It is to be noted that defendants Moore and Nipp have failed to submit any affidavits or evidentiary material tending to show that the funds and automobile seized by the law officers had no connection with funds burglariously taken from the two banks. Affidavits submitted by intervenors, however, recite that Moore and Nipp have at all times maintained to intervenors that they were innocent of burglarizing the banks or of conspiring to commit burglary, and that the money and car in question were not the proceeds of criminal activity.[5]

Obviously statements of what was told to the intervenors by Moore and Nipp are hearsay and would be inadmissible. This does not at all comply with Rule 56(e), F.R.Civ.P.,[6] requiring affidavits to "be made on personal knowledge". To this extent, the court may not consider intervenors' affidavits on motion for summary judgment. Maddox v. Aetna Cas. & Surety Co., 259 F.2d 51 (5 Cir. 1958); De Pinto v. Provident Security Life Ins. Co., 374 F.2d 50 (9 Cir. 1967). The remainder of intervenors' affidavits that the assignment was taken from Moore and Nipp in payment of an attorneys' fee, that their clients had no other funds with which to pay them for legal services, and that they are bona fide purchasers for value of Moore and Nipp's interest in the car and money, are statements based upon affiants' personal knowledge, and, even though conclusory, might be admissible at trial and may be considered on this motion for summary judgment.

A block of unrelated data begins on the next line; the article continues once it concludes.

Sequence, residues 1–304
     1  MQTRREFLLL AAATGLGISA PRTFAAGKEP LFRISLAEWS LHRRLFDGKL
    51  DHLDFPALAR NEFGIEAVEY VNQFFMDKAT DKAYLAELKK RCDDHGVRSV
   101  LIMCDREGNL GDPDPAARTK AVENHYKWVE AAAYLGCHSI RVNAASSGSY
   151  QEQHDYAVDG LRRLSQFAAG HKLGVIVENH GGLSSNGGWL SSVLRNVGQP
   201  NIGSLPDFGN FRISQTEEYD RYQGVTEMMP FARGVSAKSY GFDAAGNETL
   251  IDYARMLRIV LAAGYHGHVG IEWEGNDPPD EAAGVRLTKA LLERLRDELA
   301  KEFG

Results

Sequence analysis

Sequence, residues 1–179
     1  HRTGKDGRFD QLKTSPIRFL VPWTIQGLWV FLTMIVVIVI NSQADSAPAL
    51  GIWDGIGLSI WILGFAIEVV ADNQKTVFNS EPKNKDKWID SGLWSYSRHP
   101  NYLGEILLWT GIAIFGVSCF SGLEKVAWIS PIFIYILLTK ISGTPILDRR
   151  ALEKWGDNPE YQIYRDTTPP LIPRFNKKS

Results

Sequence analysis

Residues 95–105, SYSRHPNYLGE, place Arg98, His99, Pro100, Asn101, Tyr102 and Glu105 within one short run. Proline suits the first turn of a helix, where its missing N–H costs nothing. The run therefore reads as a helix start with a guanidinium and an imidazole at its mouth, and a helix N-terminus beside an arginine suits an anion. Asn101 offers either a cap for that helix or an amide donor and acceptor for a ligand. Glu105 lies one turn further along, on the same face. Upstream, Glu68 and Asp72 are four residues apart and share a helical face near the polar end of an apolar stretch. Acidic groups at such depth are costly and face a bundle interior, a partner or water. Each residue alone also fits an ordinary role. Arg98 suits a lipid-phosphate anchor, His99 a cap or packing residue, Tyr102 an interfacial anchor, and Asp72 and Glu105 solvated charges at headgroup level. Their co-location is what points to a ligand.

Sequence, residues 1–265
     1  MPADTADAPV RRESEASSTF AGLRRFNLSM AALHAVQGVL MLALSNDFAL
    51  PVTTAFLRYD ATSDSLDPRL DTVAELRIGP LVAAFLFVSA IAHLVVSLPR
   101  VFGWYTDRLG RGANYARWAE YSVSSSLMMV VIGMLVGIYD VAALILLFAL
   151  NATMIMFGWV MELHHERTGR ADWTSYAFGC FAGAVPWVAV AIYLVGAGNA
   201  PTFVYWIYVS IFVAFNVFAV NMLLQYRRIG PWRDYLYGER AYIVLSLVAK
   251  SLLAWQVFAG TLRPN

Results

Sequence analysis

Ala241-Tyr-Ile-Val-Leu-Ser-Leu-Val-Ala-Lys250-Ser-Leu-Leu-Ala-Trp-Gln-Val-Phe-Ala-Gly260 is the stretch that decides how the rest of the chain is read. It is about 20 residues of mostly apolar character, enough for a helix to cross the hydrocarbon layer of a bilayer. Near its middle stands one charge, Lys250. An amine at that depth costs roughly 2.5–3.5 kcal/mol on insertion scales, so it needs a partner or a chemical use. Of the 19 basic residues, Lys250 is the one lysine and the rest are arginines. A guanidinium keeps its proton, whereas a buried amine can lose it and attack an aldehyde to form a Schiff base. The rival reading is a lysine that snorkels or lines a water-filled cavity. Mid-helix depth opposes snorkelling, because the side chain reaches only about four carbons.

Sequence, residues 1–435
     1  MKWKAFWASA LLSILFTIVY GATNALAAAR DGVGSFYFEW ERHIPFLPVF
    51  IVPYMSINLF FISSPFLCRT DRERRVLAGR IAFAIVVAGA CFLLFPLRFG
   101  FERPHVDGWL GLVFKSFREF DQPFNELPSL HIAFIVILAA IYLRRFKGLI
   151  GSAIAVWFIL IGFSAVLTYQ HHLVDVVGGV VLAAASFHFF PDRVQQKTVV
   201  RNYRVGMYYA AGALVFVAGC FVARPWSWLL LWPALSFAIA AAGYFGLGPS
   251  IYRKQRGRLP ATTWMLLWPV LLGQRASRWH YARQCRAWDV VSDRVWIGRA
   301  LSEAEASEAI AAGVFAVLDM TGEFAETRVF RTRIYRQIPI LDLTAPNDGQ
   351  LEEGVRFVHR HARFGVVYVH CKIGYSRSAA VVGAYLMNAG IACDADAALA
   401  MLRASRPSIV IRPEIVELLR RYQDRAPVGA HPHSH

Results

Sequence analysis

Evidentiary materials offered by plaintiff in support of its motion consist of sworn affidavits of Harvey L. Campbell, Floyd White, Sheriff, James Bishop, FBI Agent, Ralph Gardner, search warrant, inventory of items seized pursuant to search warrant, certified copy of grand jury indictment and jury verdict of conviction and, by reference, the entire transcript of testimony in the criminal prosecution. The affidavits offered by plaintiff are in proper form and, having been made upon personal knowledge of affiants, would be admissible in evidence. It is error to contend that affidavits must be made on the personal knowledge only of a party to the litigation. The remainder of the documents, being the record of testimony or a part of the proceedings in the prior criminal prosecution are not testimonial in nature and do not qualify as affidavits. Nevertheless, this court may take judicial notice of those proceedings, inasmuch as the prior criminal case in this same court involved substantially the same parties or their privies as in the present case and the issues in both cases are so closely intertwined and related. Under these circumstances, it is proper, in accordance *1093 with well-established federal practice, for a federal court to take judicial notice of its own record in a prior criminal case.[7] The application of this rule is particularly appropriate in the case sub judice because intervenors are the same attorneys who represented Moore and Nipp in the criminal prosecution and had full opportunity for cross-examining any person who testified adversely to defendants' interests. Even though a contrary state rule might preclude application of judicial notice,[8] this court will follow the federal rule which is in favor of admissibility of evidence.[9] That conclusion is especially fitting since the present suit, ancillary to the prior criminal action, has "direct relation to property or assets actually or constructively drawn into the court's possession or control" by the former action, Fulton National Bank v. Hozier, 267 U.S. 276, 278, 280, 45 S. Ct. 261, 69 L. Ed. 609 (1929), and ancillary jurisdiction here exists, irrespective of the citizenship of the parties, to determine all questions affecting the title to the impounded property.[10]